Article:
Meet Elevated Element, Husband and Wife Drone Team
[Editors Note: Terry and Belinda Kilby are the duo behind Elevated Element, a project dedicated to drone aerial photography. The Kilby’s have spent the past few years capturing beautiful and iconic landscapes from an aerial perspective.
We’d like to present a few examples of their work and a few words from the Kilby’s on how they achieved these spectacular shots. If you’re interested in finding out more about the Kilby’s, Elevated Element and aerial photography, come check out the Aerial Photography Working Group at DARC! The Kilby’s will be debuting their first book, Drone Art: Baltimore, a photo collection capturing Charm City.]
Drone Art Cover. In the early days of our aerial photography journey, we used to live near this monument positioned just outside our old home in Bolton Hill, Baltimore. The monument served as a type of proving ground for all our new camera platforms. The golden statue sits just over 30 feet high. We must have photographed it thousands of times while we honed our skills.
After leaving the neighborhood and starting on the book project, we knew that we had to return with our current camera platform to capture the image one last time for the cover of the book. We used a Sony NEX-5n camera on a custom hexacopter. I flew the copter via line of sight while Belinda framed the shot from her ground station and directed me where to fly based for the shots we wanted.
. This photo is one of our more popular ones around Baltimore due to the iconic Natty Boh logo prominently featured atop the building in the foreground. This image was captured after launching from an empty parking lot almost directly below where the shot was taken, just after sunrise on a Sunday. We flew the copter into position wearing FPV goggles and engaged position hold once we found the correct perspective. From there, Belinda was able to use her gimbal to fine tune the composition and direct me to make fine adjustments to the copter positioning in order to get the best shot. This was one of our earlier shots we captured with a GoPro HD camera.We actually wanted to go back and reshoot this, but the dirty gritty look is actually a characteristic that most people say they like most about the photo, and that would be lost if we captured it today with our better camera rig.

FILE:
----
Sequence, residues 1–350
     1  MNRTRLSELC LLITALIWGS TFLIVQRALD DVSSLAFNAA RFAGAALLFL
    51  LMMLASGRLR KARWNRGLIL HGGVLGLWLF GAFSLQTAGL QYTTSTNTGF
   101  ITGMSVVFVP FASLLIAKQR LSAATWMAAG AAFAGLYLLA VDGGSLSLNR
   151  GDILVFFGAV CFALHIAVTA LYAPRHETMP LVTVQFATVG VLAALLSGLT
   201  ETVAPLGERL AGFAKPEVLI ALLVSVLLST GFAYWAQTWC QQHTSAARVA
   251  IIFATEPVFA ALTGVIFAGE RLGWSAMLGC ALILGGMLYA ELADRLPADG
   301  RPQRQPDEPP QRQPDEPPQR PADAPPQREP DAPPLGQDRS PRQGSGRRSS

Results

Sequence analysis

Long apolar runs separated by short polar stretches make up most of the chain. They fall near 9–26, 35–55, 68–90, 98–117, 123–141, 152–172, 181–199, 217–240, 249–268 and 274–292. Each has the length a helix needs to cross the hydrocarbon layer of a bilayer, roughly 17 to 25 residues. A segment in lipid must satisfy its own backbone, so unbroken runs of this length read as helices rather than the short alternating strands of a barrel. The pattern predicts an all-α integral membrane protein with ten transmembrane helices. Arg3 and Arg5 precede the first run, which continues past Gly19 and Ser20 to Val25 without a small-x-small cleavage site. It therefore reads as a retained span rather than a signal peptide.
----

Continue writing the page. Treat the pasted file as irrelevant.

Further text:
Patterson Park Pagoda.
One of our oldest shots, the Patterson Park Pagoda has been used by many media outlets including National Geographic, CBS Sunday Morning and The Baltimore Sun. The image was captured with a custom Tricopter during an FPV flight using an early version of the GoPro HD camera.If you look closely, I am actually sitting on the steps with controller in hand and FPV goggles on my head. The image was captured early in the morning on the weekend while the park was empty. I think this is a perfect example of how knowing the limitations of your equipment and playing into it’s strengths can produce good results, no matter what gear you have.
Most people would never think of using that early generation of the GoPro for a photo that eventually landed in NatGeo, but by avoiding the weaknesses of the GoPro (fisheye lens distortion), we were still able to pull off a stunning photo.
This is a shot that shows months of planning leading to minutes of execution. To help The Park School of Baltimore celebrate their 100th birthday, we came in to capture this photo. Their math department spent weeks figuring out the best way to line up 1,100 students and staff on the soccer field so that we could get this shot.This played into our viewing angle the best and allowed us to get the strongest shot possible. We used a Canon S90 on a custom hexacopter and framed the shot live with a video downlink feeding both FPV goggles and a 7 inch monitor. We roped off the area under our flight path and had safety monitors on hand with whistles, walkie talkies bullhorns to direct the students. While there, we gave talks to the entire school discussing what we do, safety measures, and how we would get the shot.
The kids absolutely loved it and we have since done similar projects for other schools in the area.
We hope you have enjoyed this short exploration of our work. And we hope to see you all at DARC!
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